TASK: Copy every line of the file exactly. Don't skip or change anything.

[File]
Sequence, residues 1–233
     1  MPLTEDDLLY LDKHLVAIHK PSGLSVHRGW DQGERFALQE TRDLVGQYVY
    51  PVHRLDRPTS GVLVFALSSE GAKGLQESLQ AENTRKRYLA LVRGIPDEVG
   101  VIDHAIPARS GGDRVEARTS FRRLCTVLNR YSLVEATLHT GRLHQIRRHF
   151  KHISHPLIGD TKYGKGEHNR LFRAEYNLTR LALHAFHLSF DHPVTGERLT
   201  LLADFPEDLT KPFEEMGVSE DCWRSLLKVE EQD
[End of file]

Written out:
Sequence, residues 1–233
     1  MPLTEDDLLY LDKHLVAIHK PSGLSVHRGW DQGERFALQE TRDLVGQYVY
    51  PVHRLDRPTS GVLVFALSSE GAKGLQESLQ AENTRKRYLA LVRGIPDEVG
   101  VIDHAIPARS GGDRVEARTS FRRLCTVLNR YSLVEATLHT GRLHQIRRHF
   151  KHISHPLIGD TKYGKGEHNR LFRAEYNLTR LALHAFHLSF DHPVTGERLT
   201  LLADFPEDLT KPFEEMGVSE DCWRSLLKVE EQD